8/21/2012 - Asheville filmmaker works on Trail of Tears project
by Sarah Larson - Asheville Citizen Times
Alex Murphy -- writer, cinematographer, actor and editor -- is the ultimate storyteller. Aided by a love of language and words, he masterfully records, interprets and delivers stories with emotional intensity.
His tales often convey a dark side. He defends this by saying his work is not always dark but that darkness is certainly common for most writers and cinematographers in their earliest works. Often it is the person holding the book, watching the film or entering the narrative unfolding on the stage who appreciates the veil being lifted on the darkness.
Murphy's latest project is to lift the veil on the Trail of Tears of the Cherokee Nation. As cinematographer for the project, he traveled with a group that revisited major stops along the trail in a ceremony of forgiveness. It was Alex's aim to capture the ceremonies on video.
Alex's full name is Alex G.S.P. Murphy. No one knows what the initials stand for, but friends have noted that some really good writers seem to have initials in their names: J.R.R. Tolkien, J.K. Rowling and George R.R. Martin, for example.
Martin, one of Alex's favorite writers, writes realistic fantasy fiction in which no characters are safe. Martin has written five books of great length in his "Song of Ice and Fire" series, which HBO is adapting for its "Game of Thrones" TV series.
Alex owned a retail store in Asheville for 5 1/2 years that sold sci-fi and fantasy gaming and comics merchandise. He also attends the Dragon-Con event over Labor Day in Atlanta, where he and his wife Charlotte join 5,000 other often-costumed fans. This year they are looking forward to checking out a workshop on puppetry for film.
Alex met Charlotte in 1995 in Charleston, S.C., when he was in the Air Force. "Other women were nice enough but no one met my unusual interests in quite the same way that Charlotte does," he says. The couple has lived in Asheville since 1999.
Besides fantasy and science fiction, the couple share a love of outdoor camping trips in tents with friends.
"There is nothing like cooking bacon over a hardwood fire," says Alex, who is a line chef at Boca on Lexington Avenue in Asheville. "The smell of coffee and bacon bring people out of their camp sites and they all start migrating over toward our fire."
In addition to the Cherokee project, he's working on a fantasy project titled "Voltara, the Demon Slayer" -- in the tradition of Conan the Barbarian but in an ultra-campy style.
But his work on the Trail of Tears project he views much more seriously, as an act of forgiveness. (The videos he's editing will be posted on the website for the Coalition of Wellness and Healing of the Eastern Band of Cherokee.)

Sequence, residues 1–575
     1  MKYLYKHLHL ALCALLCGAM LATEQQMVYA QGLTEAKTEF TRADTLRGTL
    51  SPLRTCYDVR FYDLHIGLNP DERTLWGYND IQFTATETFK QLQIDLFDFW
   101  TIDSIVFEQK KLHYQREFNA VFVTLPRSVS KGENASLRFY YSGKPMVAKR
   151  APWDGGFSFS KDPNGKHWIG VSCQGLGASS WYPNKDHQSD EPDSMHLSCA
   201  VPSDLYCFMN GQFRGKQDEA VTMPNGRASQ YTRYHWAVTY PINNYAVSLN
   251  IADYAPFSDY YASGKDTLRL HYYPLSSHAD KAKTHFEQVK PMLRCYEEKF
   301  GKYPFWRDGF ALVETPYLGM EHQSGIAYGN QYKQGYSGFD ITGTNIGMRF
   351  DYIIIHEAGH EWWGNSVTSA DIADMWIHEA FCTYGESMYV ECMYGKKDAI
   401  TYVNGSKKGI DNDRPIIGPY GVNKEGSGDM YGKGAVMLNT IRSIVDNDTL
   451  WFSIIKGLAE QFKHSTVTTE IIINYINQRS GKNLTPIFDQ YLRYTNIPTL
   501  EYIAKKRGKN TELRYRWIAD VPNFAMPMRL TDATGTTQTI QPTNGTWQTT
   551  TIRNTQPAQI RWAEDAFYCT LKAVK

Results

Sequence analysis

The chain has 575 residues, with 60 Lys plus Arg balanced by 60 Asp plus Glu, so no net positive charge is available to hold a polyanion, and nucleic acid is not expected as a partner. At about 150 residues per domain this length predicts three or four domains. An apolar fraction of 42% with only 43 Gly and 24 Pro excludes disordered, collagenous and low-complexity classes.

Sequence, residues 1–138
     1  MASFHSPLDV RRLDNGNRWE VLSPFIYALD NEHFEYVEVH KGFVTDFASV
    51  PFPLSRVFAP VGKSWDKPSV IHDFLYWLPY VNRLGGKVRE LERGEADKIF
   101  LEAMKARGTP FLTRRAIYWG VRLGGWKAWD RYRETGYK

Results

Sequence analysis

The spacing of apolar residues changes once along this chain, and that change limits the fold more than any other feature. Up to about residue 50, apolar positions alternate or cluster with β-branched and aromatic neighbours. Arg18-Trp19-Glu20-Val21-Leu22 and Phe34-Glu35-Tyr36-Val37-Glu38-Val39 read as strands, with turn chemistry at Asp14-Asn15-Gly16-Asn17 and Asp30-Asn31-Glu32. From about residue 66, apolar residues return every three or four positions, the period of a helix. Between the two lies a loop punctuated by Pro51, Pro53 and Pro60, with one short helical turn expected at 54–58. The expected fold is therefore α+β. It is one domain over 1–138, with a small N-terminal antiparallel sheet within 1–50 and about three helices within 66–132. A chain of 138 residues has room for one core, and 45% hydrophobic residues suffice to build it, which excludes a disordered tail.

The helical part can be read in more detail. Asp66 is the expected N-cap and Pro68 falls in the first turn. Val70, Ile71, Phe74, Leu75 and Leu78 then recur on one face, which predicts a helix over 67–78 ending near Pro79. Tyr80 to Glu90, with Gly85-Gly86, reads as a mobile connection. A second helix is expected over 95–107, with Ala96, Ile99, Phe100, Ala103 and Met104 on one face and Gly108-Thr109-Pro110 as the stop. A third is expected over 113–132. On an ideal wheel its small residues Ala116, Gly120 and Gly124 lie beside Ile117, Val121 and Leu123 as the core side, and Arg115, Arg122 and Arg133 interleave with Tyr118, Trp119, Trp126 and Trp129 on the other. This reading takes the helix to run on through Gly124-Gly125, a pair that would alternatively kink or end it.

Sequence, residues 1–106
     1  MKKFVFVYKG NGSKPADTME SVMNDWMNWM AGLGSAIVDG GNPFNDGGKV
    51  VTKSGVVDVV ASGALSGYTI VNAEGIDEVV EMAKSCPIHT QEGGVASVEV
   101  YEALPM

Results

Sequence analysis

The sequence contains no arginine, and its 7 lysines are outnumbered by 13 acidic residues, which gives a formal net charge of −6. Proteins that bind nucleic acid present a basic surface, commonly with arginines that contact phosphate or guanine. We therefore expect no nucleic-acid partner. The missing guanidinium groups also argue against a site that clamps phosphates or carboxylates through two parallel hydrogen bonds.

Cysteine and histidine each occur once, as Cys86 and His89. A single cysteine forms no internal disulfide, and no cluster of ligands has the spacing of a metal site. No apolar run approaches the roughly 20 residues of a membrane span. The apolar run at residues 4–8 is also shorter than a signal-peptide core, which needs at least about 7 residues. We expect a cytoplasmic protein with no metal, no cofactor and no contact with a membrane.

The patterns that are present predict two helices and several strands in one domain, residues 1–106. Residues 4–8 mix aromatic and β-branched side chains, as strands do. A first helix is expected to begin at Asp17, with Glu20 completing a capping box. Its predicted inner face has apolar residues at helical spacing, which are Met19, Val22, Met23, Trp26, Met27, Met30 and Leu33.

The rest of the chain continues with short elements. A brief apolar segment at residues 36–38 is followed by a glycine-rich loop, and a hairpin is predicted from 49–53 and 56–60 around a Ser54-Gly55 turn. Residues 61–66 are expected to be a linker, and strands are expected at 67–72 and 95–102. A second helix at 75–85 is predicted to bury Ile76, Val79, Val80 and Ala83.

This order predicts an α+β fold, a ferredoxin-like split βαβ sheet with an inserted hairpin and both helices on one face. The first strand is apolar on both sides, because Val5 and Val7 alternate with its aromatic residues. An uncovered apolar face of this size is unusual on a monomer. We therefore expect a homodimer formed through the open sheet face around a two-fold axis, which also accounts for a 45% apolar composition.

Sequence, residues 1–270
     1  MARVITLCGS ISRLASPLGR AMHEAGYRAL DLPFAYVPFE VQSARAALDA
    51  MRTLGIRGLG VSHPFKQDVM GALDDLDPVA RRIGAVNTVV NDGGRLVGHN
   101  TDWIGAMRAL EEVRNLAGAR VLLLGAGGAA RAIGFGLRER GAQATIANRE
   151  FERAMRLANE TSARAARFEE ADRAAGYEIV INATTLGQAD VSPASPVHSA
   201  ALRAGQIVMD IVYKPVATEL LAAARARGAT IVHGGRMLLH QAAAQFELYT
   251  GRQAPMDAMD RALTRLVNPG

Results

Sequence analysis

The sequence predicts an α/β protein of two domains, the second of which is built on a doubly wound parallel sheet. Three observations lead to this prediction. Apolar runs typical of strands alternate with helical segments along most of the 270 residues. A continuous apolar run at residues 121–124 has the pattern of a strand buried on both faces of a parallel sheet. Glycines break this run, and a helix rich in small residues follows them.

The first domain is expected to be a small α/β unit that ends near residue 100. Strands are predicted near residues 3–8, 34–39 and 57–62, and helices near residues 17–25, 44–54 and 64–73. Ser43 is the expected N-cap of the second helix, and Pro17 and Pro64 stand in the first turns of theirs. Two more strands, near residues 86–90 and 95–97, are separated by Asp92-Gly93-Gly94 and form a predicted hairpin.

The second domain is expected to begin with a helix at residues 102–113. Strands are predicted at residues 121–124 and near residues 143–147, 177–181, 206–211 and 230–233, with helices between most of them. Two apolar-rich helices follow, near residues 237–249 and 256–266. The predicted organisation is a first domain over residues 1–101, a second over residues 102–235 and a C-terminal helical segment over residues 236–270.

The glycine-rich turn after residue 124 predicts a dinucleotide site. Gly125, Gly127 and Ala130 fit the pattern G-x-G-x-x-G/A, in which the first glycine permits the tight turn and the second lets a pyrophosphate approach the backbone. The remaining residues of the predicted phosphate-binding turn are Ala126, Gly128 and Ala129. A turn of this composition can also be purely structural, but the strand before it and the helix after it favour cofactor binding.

The project has tremendous resonance for Murphy. One of his great-grandmothers on his father's side of the family was Cherokee from Missouri and walked the Trail of Tears.
The Trail of Tears project began in April and lasted about three weeks, as the group covered the trail from Oklahoma and worked backward to North Carolina, taking the northern route through Arkansas, Missouri, Kentucky and Tennessee before reaching Cherokee.
Don Coyes, a Mohican from Colorado Springs, was the main speaker on the trip. As a healer and grief counselor, Don covered the four steps of healing, presenting one step at each site the crew visited on the Trail of Tears.
"There have been so many (Cherokee) families for generations who have held on to this hatred (of the whites responsible for the Trail of Tears) that it has poisoned them," Alex says, "and there is no way to get rid of that poison other than by forgiveness.
"Alcohol abuse and suicide have been the byproduct of this hatred. ... They were taught to live with self-loathing and to be ashamed of who they are."
He continued, "Forgiveness was the theme we rode on, but when we came to the little Missouri town I grew up in, I realized I was still hanging on to my hatred of the small-minded people who populate that town and caused me to leave it. I had my own issues to deal with, and I could not let go of the hatred. How much harder it must be for the Cherokee to come to a resolution of their feelings?"
Special gourds were grown and harvested for this ceremonial trip of healing. Soil w as lifted from the trail and put into the gourds. The soil represented the remains of those who died along the trek, so that they could be brought home. The gourds were returned to the river in Cherokee.
The ceremonial trip began in Oklahoma with the Catawba Tribe and ended in Cherokee at the Kituwah Mound, the holy sacred land of their beginning. Greg White, representing the white population, spoke eloquently and with emotional power, commemorating the thousands who starved while white men watched.
"He uttered what I wish I could have," Alex says. "It was heart-wrenching."
The Cherokee story is representative of what happened to all tribes at the hands of the armed white men, thus giving this project's message universal importance.
"We now have 35 hours of footage on DVD which will be organized into three segments covering the beginning and end at greater length and the trip between in shorter segments," Alex says.
Scenes were captured with two or three cameras recording simultaneously.
Alex is hopeful that the Cherokee project will help build self-esteem within the Cherokee community and find expression in a return to the preservation of their native language, making the Cherokee a bilingual people.
One of the most moving moments of the project for Alex was when the tribe sang gospel songs and especially "Amazing Grace" in their native language: "I once was lost but now am found, was blind but now I see." Such is the power of forgiveness.
The Cherokee are learning that through forgiveness, healing is possible. Alex Murphy, part Cherokee storyteller, is helping to tell their story.